I'm dealing with people from different nationalities (Indians, Pakistanis, UAE, UK...etc). When they tell me that they have an technical or a financial issue and the would like to submit a ticket/request. I asked them: what exactly is your complaint? When they tell me, I like to repeat to confirm the issue so I say: So you're complaining about...

Somebody told me I'm not complaining. Another one laughed. What's wrong with this word? how can I ask professionally?

  • I don't think we have enough context to answer this question. But perhaps you have already answered it. What is wrong with "issue". Please clarify.
    – James K
    Aug 23, 2018 at 21:10
  • No, it is unprofessional. If you are supervising a help line, were you not given any training? Issue, difficulty, problem. Do you see all queries as complaints? You are supposed to be receptive, but perhaps come across as defensive. Aug 23, 2018 at 21:11

3 Answers 3


Avoid "complaint", "problem" and, most of all, "you".

People take it that it's they who have the problem.
Customers are twitchy, impatient & quick to ire.
The word 'entitled' springs to mind, frequently.
They start from the premise that it's your fault that whatever they're trying to do isn't working for them.
We all know - anyone who's ever worked helpdesk - that it's usually something dumb the user did... but you can't make it sound like that's the case.

What is your problem?

is often used as a precursor to a pub brawl.

What exactly is your complaint?

has a similar connotation.
They are both defensive/aggressive openers, avoid them. They imply you are standing your ground, that the fault is the user's.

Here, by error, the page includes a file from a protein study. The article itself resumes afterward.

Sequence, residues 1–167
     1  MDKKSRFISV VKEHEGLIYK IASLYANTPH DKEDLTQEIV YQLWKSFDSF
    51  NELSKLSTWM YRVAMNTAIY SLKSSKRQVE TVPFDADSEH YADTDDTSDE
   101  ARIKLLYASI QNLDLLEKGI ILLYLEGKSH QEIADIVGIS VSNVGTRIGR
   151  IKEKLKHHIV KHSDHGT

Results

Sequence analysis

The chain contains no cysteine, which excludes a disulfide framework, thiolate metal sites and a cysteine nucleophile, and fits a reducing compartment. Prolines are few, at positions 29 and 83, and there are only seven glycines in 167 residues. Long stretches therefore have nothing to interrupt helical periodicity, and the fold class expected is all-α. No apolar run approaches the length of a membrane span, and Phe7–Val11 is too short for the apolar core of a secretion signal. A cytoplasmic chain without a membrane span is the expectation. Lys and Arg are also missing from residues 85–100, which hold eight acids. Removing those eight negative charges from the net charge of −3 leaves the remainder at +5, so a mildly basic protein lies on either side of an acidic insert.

They just have the wrong tone for a customer service department.

Remove the personalisation entirely. It's not the customer's problem, it's the software/service/device that has an issue.

Issue is the new global determiner for any customer service rep.
It depersonalises; prevents the user from feeling you think it's their fault - even if it usually is ;)

What is the issue?

Simple, to the point, puts the blame nowhere, on no-one.

If you need to clarify you have correctly recognised their intent, then

So, to clarify, the issue is that...

which still manages to avoid apportioning blame.


This is technically correct. That's the best kind of correct, except when trying to communicate with people. While "what's your complaint?" could mean "what's your issue?", people take it to mean "What do you take issue with?". "Complaining" is confrontational.

The laughing could have been because they thought you were joking that a lot of people take issue with whatever the phone conversation is about. Alternatively, it could be because the tone of "what exactly is your complaint?" is probably quite accusatory.

A safer substitute is "problem".

What is your problem?


So your problem is that you need a flobble reservation for... Joseph Bloggs?

For the former, make sure you don't put the emphasis on "is" or "your" because then it's idiomatic for the insulting rhetorical question "what is the problem with you?".

  • 2
    Rather than take a chance on "What is your problem?" it might be better to depersonalize the problem. For example, "What is the problem?" Or "What kind of problem are you having?"
    – user3169
    Aug 24, 2018 at 4:52

There could be many, but one of the mildest ways is to say...

Okay, so you are concerned about...

I think this magic word go with complaints, suggestions, wish...and anything!

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